As a result of perennial bear/human conflicts, the New Hampshire Fish and Game Department has issued a written warning to Joseph Paradis, owner of Moose Hillock Campground in Warren, N.H., to address the campground’s garbage storage polices.
Moose Hillock Campground, which also owns and operates a similar facility in Lake George, New York, is a 90-acre campground that abuts the White Mountain National Forest. As is true for all New Hampshire campgrounds, the proper storage of garbage and other food attractants is essential to minimizing conflicts with bears.
“The situation at Moose Hillock has been particularly challenging for the past 14 years, primarily because previous recommendations have not been followed,” said Fish and Game Bear Biologist Andrew Timmins. “The primary attractant at the campground is open dumpsters that bears readily climb into for food. Additionally, unsecured coolers and food at campsites are targeted by bears. Once bears make a habit of foraging in the campground, they become conditioned to human presence and are difficult to scare away. These issues generally start with the open dumpsters and expand to bears raiding campsites.”
Bear activity at Moose Hillock has reached a record level this summer, a fact that has not gone unnoticed by the public. Large groups of campers gather daily at the dumpster area to watch multiple bears rummage in the dumpsters. Furthermore, bears are routinely raiding campsites to panhandle and steal food.
“Recently, the Department has received many complaints from members of the public who have become upset and uncomfortable staying at this facility,” said Col. Martin Garabedian, head of N.H. Fish and Game Law Enforcement. “The situation at the campground has become a public safety issue for campers and cannot be tolerated any further.”
Staff from Fish and Game and USDA Wildlife Services have routinely responded to conflicts at Moose Hillock since 2000. The issues have always been the same (open dumpsters), and the recommendations to the campground have always focused on the need to secure the dumpsters with metal tops or an inaccessible barrier fence (e.g., electric fence). Large quantities of bear education materials have been dropped off at the campground in an effort to educate both campground staff and the camping public on how to camp in bear country. Houndsman have been routinely used to chase bears from the campground with dogs to alleviate conflicts. Bears, including a sow with four cubs and single adult male, have been moved from the campground in recent years, in an effort to help the campground alleviate conflicts.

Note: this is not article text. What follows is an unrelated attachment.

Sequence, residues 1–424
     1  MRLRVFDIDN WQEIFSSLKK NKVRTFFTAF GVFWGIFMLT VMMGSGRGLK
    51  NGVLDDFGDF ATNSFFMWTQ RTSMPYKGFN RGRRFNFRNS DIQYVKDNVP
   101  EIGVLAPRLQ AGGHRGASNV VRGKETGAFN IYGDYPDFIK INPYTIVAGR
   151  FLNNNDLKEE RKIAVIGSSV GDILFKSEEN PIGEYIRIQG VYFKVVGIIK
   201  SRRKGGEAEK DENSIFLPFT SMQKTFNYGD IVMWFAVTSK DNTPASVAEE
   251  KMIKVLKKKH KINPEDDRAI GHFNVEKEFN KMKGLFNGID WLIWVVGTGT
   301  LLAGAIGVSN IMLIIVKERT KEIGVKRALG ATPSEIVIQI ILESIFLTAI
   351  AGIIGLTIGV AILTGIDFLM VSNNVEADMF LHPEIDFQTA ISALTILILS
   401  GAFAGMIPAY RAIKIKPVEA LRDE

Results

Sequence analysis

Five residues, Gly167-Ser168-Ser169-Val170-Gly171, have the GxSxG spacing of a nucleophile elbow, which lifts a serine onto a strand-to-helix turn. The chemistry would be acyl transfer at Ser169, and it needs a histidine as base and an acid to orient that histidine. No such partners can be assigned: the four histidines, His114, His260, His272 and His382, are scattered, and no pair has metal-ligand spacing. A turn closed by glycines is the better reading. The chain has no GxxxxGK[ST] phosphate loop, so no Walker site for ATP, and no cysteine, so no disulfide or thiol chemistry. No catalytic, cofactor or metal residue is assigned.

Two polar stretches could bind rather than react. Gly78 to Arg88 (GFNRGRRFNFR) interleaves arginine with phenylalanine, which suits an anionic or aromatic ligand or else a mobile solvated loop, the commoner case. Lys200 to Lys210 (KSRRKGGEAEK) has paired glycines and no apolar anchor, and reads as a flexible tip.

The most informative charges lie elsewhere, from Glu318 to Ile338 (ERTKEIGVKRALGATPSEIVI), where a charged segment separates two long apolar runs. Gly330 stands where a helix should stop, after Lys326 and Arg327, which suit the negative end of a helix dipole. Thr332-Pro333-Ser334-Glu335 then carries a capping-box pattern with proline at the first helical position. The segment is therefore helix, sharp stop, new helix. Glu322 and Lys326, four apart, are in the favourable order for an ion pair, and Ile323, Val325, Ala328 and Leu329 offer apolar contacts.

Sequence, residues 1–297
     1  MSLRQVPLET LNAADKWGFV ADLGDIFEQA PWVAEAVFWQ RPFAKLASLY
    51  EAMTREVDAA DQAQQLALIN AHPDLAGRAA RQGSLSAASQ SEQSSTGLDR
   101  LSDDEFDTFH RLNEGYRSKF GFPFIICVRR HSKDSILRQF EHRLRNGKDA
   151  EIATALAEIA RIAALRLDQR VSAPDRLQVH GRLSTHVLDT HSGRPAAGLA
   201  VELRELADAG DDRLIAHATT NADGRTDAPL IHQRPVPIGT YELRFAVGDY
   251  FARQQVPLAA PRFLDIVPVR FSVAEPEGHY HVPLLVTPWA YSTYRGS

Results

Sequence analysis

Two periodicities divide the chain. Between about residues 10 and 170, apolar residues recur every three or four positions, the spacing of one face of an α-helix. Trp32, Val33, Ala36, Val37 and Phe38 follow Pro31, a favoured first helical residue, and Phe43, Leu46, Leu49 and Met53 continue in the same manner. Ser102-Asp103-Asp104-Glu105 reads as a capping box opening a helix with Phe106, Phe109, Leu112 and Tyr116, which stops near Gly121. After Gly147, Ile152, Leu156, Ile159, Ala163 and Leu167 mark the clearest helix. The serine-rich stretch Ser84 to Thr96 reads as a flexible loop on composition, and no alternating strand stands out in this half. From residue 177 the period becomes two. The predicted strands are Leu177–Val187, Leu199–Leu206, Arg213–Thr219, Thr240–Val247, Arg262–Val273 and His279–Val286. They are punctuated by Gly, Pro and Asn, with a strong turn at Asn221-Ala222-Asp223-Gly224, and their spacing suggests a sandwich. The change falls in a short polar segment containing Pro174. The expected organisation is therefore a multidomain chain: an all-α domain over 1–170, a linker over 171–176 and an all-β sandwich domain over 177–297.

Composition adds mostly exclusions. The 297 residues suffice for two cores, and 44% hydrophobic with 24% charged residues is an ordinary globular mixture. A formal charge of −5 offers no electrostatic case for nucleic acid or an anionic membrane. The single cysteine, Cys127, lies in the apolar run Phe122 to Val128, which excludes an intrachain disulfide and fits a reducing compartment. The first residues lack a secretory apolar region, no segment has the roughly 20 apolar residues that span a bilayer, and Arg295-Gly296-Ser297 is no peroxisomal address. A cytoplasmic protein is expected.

“These efforts have essentially failed, and will continue to fail, because the dumpsters remain open to bears,” said Timmins. “The only long-term solution is to stop the bears from easily accessing foods in the campground, which includes a primary focus on bear-proofing the dumpsters.”
A N.H. Fish and Game Department Administrative Rule (Fis 310.01) states that “no person shall use, place, provide, give, expose, deposit, scatter or distribute any material that results in attracting black bears, after being noticed by the executive director or his designee to cease the activity, because the activity might result in injury to a person, damage to property or create a public nuisance.” Based on this rule, on August 1, 2014, the N.H. Fish and Game Department issued a written warning to Joseph Paradis of the Moose Hillock campground and gave him two weeks to get metal-topped dumpsters (to secure the campground’s dumpsters in a way that is inaccessible to bears).
Staff from N.H. Fish and Game and USDA Wildlife Services have worked successfully with many New Hampshire campgrounds to resolve bear issues. Nearly all these campgrounds now have dumpsters that contain metal tops and doors that can be locked, thereby making them inaccessible to bears. Once the food is shut off, bears move on, and keeping New Hampshire’s wildlife wild benefits everyone.
“This approach has worked because these campgrounds have been willing to make necessary changes. Moose Hillock campground has been different. They have been resistant to changing their approach to garbage storage and have ignored previous recommendations,” said Timmins. “Campgrounds can be ‘bear-proofed,’ but it requires a working, cooperative partnership between the campground and the management agency to be successful.”
For more information on preventing conflicts with black bears, click here.
If you have questions about bear-related problems, you can get advice by calling a toll-free number coordinated jointly by the U.S. Department of Agriculture’s Wildlife Services and the New Hampshire Fish and Game Department: 1-888-749-2327 (1-888-SHY-BEAR).